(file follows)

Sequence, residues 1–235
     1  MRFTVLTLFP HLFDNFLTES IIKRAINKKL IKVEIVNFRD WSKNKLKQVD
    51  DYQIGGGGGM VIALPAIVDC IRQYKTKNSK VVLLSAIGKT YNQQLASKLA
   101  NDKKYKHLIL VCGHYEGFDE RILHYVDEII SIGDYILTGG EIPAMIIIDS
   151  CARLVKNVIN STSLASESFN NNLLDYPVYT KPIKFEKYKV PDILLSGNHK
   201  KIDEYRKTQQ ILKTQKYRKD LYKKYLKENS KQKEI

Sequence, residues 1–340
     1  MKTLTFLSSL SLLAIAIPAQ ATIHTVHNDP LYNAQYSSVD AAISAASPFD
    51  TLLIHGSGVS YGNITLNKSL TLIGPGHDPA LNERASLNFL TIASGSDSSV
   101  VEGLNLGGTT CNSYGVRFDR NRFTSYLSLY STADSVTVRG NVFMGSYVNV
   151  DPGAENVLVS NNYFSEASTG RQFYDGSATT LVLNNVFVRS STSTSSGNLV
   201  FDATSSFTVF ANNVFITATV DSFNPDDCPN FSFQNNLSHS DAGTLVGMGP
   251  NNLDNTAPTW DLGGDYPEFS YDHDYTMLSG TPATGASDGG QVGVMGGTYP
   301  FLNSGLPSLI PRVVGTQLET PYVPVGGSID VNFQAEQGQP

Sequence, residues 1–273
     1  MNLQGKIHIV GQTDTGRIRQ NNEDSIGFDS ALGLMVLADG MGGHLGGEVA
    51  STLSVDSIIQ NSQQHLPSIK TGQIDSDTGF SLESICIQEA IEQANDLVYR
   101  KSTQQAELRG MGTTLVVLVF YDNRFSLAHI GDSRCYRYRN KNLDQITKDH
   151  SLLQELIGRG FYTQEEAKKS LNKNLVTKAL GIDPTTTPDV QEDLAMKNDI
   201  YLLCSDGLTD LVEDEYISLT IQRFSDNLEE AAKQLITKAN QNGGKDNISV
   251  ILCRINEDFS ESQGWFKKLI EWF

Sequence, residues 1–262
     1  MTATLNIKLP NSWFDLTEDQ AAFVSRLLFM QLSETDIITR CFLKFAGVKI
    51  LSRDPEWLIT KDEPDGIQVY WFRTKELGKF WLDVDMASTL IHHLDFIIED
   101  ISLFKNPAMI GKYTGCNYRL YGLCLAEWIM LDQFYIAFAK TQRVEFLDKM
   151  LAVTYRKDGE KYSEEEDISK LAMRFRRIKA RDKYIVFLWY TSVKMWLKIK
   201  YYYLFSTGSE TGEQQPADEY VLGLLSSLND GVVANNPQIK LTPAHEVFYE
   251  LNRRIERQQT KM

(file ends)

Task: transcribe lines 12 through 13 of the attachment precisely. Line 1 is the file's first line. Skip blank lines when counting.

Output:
   201  FDATSSFTVF ANNVFITATV DSFNPDDCPN FSFQNNLSHS DAGTLVGMGP
   251  NNLDNTAPTW DLGGDYPEFS YDHDYTMLSG TPATGASDGG QVGVMGGTYP